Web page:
Porous Media Group
MSc Project

Efficient solvers for Richards' equation

Jakob Seierstad Stokke

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In this thesis we have sought to solve Richards’ equation. In time we applied a backward Euler discretization and in space we used a continuous Galerkin finite element discretization. The focal point was how to efficiently solve the resulting non-linear problem. We considered several linearization techniques, the L-scheme, the modified L-scheme and Newton’s method and also Anderson acceleration applied to the L-scheme and Newton’s method. For the L-scheme we gave a convergence proof and extended the previously existing optimality analysis to include the gravity term. In addition, we also gave an error estimate on the solution of the L-scheme. For Newton's method applied to a variant of Richards' equation after Kirchhoff transformation, we also proved the quadratic convergence if the initial guess is sufficiently close. We proposed an adaptive algorithm between the L-scheme and Newton’s method. This way we utilized the quadratic convergence of Newton’s method when it converges and the robustness of the L-scheme. In order to determine when to switch between the two schemes, we derived reliable and efficient {\it a posteriori} indicators which predict the linearization error of the subsequent iteration. The algorithm always starts using the L-scheme, and at every iteration checks to see if the linearization error is predicted to decrease by switching to Newton’s method. If this is the case, then Newton’s method is used, otherwise the L-scheme is used for the next iteration. Hence, the adaptive scheme is now robust and quadratically convergent after switching to Newton’s method. The proposed algorithm is assessed on realistic examples. They demonstrate that the algorithm is as robust as the L-scheme and converges even when Newton's method fails. Furthermore, when Newton converges, the hybrid scheme takes roughly the same number of iterations and computational time as Newton's method while being significantly faster than other linearization and acceleration techniques.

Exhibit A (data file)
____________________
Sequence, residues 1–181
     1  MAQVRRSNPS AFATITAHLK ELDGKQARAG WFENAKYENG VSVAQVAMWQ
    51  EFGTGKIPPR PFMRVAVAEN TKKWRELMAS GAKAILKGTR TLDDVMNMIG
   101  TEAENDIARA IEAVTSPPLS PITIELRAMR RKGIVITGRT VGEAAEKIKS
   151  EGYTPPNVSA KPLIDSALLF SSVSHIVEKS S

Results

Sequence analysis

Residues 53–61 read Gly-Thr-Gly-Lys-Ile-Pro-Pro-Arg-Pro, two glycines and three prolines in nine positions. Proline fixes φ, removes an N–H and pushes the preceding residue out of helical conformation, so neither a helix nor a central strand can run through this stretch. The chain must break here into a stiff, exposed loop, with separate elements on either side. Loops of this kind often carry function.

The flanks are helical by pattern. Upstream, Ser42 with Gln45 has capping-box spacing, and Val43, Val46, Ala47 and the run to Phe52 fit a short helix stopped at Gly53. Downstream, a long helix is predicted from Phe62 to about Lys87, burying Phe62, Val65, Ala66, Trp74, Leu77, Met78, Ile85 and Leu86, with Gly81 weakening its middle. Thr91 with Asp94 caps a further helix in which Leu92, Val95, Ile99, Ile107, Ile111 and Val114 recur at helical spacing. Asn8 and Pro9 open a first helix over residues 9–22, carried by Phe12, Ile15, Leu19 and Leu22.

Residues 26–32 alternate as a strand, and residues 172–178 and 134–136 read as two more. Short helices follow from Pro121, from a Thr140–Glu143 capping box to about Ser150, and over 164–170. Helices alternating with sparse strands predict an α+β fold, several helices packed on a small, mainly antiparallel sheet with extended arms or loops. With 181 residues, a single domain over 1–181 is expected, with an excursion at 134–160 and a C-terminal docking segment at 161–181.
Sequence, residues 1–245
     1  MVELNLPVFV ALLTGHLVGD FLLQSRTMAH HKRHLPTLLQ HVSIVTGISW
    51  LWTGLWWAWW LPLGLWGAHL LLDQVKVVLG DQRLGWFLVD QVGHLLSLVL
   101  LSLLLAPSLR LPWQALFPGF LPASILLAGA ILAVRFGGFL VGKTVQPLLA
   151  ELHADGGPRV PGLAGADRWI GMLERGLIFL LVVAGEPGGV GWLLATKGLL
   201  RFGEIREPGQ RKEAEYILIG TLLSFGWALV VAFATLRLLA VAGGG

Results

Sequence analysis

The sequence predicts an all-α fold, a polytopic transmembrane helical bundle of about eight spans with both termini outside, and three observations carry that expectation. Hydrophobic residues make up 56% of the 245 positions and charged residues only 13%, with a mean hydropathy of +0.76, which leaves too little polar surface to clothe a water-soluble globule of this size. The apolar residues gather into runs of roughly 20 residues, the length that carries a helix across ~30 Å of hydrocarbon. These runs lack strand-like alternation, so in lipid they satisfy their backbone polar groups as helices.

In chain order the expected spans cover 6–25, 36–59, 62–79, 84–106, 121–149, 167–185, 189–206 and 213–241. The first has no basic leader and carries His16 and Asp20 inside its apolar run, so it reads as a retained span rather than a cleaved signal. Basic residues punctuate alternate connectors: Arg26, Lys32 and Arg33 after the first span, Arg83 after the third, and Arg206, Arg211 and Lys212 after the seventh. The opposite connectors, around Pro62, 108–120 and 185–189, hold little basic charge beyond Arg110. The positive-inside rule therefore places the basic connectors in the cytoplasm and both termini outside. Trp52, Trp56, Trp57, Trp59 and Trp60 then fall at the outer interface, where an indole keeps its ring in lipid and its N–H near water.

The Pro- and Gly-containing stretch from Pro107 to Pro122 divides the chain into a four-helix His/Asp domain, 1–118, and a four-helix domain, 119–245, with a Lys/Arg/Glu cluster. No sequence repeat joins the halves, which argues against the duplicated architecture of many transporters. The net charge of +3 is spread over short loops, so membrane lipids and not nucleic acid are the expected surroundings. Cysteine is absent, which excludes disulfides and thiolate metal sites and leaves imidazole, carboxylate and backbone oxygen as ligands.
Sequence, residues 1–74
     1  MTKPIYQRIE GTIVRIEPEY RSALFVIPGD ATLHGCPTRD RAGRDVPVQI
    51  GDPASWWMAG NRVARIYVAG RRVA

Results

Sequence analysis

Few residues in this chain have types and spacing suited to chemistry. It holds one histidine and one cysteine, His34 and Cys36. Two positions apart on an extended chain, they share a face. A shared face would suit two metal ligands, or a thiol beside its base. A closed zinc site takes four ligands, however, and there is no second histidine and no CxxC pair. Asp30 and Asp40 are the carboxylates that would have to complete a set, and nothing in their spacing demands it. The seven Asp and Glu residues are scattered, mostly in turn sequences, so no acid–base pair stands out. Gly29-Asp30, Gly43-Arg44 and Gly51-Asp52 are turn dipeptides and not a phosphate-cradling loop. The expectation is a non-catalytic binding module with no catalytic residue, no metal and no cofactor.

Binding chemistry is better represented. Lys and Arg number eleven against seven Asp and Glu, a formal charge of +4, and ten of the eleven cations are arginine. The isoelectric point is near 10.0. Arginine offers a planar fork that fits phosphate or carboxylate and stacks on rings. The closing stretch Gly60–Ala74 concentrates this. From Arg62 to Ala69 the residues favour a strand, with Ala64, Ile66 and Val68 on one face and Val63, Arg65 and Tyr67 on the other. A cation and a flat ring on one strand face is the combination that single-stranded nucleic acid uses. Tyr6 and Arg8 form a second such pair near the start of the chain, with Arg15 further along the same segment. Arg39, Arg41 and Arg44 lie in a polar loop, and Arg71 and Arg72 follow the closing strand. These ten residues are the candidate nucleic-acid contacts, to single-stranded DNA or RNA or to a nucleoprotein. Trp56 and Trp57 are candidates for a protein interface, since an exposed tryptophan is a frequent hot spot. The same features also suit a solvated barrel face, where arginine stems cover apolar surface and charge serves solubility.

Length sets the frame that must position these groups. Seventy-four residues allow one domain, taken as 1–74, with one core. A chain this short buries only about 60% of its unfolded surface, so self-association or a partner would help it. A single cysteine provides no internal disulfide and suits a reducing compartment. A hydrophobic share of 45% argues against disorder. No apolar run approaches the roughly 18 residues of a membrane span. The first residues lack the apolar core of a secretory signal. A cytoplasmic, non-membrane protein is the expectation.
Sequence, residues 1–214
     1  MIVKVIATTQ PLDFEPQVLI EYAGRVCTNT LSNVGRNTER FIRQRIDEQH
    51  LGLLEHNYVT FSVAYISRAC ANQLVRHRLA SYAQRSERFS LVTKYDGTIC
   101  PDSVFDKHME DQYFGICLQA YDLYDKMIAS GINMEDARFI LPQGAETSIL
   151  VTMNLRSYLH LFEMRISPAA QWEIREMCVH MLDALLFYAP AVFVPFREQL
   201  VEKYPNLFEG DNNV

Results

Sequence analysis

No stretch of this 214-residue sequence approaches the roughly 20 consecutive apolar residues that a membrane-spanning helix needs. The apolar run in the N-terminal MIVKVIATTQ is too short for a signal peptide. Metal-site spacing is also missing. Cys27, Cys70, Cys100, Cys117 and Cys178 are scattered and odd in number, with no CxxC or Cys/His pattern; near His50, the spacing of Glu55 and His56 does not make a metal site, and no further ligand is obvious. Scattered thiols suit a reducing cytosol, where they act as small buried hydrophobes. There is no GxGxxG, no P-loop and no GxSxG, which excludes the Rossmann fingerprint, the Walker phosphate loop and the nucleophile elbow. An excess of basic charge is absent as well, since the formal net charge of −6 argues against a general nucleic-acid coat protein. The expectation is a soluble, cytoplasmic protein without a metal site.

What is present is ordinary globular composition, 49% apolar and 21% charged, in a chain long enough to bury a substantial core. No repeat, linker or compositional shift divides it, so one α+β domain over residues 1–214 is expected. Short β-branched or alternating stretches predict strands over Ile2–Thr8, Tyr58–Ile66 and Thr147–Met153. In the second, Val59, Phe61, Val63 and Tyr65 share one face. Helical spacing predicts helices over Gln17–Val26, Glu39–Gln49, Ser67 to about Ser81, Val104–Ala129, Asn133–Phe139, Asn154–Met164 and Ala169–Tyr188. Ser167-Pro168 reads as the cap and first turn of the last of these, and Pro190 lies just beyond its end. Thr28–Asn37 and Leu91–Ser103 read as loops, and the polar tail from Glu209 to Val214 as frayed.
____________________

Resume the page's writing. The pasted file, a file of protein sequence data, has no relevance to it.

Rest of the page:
Link to the thesis.